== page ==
OCLC Community Engagement Award
Congratulations to our winners!
From February through May of 2020, more than 120 libraries shared descriptions of their community engagement projects with us. A panel of elected OCLC member leaders assessed entrants on the criteria of impact, innovation, and engagement. Based on their scoring, the winners were announced in July!
Orlando Children’s Business Fair
Orange County Library System, Florida, USA
Jackson District Library, Jackson, Michigan, USA
Edmonton Public Library Edmonton, Alberta, Canada
Each library received $5,000 to help continue their efforts. On Tuesday 18 August 2020, the three winners of the OCLC Community Engagement Award shared details of their programs with a live, virtual audience. The event was hosted by Skip Prichard, OCLC President and CEO and Helene Blowers, Executive Director, Member Relations.
Community engagement: Award-winning programs and perspectives
Our thanks go out to all of the libraries that submitted entries. They all deserve attention and recognition. It was wonderful and inspiring to read about everything they are doing to connect with their communities. We hope to share some of their stories in other ways in the future.
Please note, the 2020 award was a one-time program and is not being repeated at this time.
The winning programs
Orlando Children’s Business Fair
Orange County Library System
Orlando, Florida, USA
The Orlando Children’s Business Fair is a one-day marketplace where children and teens debut their inventions, market services or products, and build marketing strategies. It is an extension of the Library’s BizKids initiative that introduces young people to classes and events with a focus on promoting entrepreneurship and skills such as planning, marketing, financing, and more. Kids and teens create a product or service, develop a brand, build a marketing strategy, and then open for customers at this one-day marketplace. Unlike other youth business fairs, this event was coupled with business classes and camps offered by the Library. These classes are enhanced by existing courses in fiber arts (sewing, finger knitting), Fab Lab (laser cutting, circuitry, woodworking, 3D printing), culinary arts, and arts & crafts, which are part of the growing maker/DIY movement. After completing the program’s third year, the Orange County Library System has showcased a total of 121 businesses owned by kids, representing ages 6–14 across the county with a total attendance of more than 1,900 people. Attendees purchased products from young vendors who sold artwork, soap, Lego cars, baked goods, photographic services, handicrafts, and more. In the words of one young entrepreneur: “My experience has been unlike anything I’ve ever experienced before. It’s an experience you can only get here at the library.”
Jackson District Library
Jackson, Michigan, USA
Project BRIDGE (Building Relationships In Diverse Generational Experiences) is a wide-reaching plan for enhancing traditional outreach services with creative programs tailored to the needs of older adults, particularly those struggling with dementia and other memory impairments. Project BRIDGE employs a multipronged approach to serve these patrons, their families, and caregivers by offering multiple services and program offerings.
- Connections, a special collection of materials for memory-impaired individuals that caregivers can share.
- JDL on the Road, a series of library programs and performances tailored to the interests of older adults and conducted off-site in care facilities and senior centers.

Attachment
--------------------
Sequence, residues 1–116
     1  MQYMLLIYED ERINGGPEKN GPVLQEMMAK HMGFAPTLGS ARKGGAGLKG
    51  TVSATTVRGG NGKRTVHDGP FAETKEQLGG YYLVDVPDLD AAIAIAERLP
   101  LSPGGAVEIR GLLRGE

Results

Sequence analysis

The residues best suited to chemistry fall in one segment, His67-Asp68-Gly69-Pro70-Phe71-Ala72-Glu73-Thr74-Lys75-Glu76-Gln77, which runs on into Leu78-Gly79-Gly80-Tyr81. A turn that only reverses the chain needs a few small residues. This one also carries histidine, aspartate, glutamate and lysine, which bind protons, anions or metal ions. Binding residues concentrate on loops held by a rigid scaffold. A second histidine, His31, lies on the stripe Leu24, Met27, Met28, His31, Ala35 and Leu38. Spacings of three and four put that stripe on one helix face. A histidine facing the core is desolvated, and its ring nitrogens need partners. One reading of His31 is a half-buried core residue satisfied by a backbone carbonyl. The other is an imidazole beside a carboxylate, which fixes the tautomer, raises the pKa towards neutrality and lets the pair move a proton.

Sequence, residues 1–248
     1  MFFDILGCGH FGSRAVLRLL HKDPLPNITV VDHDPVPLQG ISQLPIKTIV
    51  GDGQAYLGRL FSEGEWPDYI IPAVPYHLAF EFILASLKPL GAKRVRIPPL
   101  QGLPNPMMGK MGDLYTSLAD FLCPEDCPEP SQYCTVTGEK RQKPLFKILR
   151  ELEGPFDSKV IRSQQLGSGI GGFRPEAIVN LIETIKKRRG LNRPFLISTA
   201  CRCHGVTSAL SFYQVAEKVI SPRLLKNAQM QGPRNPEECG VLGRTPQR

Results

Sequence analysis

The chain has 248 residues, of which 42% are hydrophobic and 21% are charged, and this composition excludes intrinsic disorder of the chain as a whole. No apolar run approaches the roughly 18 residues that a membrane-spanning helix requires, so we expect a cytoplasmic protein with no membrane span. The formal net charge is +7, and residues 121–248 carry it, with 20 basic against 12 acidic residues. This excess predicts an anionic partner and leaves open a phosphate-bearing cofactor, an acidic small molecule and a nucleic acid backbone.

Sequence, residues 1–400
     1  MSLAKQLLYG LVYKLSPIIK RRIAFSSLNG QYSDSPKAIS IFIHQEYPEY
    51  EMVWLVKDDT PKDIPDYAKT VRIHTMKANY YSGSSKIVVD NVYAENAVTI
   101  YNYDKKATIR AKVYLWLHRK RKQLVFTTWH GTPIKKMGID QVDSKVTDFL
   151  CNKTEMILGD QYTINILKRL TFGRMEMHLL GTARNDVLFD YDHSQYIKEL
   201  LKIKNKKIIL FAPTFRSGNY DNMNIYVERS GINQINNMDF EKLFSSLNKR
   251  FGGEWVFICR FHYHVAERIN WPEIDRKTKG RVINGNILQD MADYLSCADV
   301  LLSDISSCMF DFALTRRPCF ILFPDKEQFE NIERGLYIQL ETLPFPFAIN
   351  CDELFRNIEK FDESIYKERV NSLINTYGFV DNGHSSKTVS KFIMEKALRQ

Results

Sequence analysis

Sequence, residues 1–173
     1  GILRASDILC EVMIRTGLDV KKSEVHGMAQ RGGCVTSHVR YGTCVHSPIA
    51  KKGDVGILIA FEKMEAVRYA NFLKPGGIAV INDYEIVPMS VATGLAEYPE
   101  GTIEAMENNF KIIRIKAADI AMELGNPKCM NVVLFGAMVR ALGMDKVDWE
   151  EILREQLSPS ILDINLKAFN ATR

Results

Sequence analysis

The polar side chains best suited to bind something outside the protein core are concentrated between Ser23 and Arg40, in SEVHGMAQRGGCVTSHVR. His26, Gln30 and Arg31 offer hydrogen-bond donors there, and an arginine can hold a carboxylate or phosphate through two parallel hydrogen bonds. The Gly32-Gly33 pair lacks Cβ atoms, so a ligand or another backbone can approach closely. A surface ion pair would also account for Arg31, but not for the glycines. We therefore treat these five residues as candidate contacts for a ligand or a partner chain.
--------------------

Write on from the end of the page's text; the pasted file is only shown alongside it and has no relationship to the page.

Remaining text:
- Music and Memory, iPods with personalized music selections.
- Journeys Kits, multisensory program kits designed to stimulate conversations and memories in a group setting.
- TimeSlips, an interactive program that uses group storytelling to create and share stories. JDL has enhanced Project BRIDGE’s success by partnering with agencies and organizations that provide services to this target population, increasing services not only to all older adults, but also to their family members, caregivers, and residential facilities.
Through Project BRIDGE, JDL has moved away from providing a one-way service delivery model and has embraced a collaborative service model that involves multiple partners and stakeholders. Having seen the success of Project BRIDGE, our partners are committed to exploring additional ways to engage Jackson County’s senior population.
Edmonton Public Library
Edmonton, Alberta, Canada
The first of its kind in Alberta, Edmonton Public Library’s Welcome Baby program puts books into the hands of Edmonton families. Parents receive a free package from the Library (a board book, music CD, tote bag, and early literacy information) at their baby’s two-month immunization in Public Health Centres or in the Neonatal Intensive Care Unit (NICU) if their baby is admitted after birth. Families also receive a second book and rhyme booklet (electronic version available in six languages) when they sign up their child for a free library card. At its core, Welcome Baby is about taking everything the Library offers to help children develop strong early literacy skills and leveraging local health partners to connect with all families, regardless of background or barriers, or previous familiarity with library services and resources. In 2019, more than 73% of babies born in the City of Edmonton received a Welcome Baby package, enabling EPL to reach countless families who might not otherwise visit a branch or be aware of available library resources. And the impact of Welcome Baby goes far beyond the initial gift. Many parents continue their relationship with the Library by signing up their child for a library card and participating in early literacy programs. By 2019, memberships with those under age three saw a 108% increase and attendance in early literacy classes also increased 83%.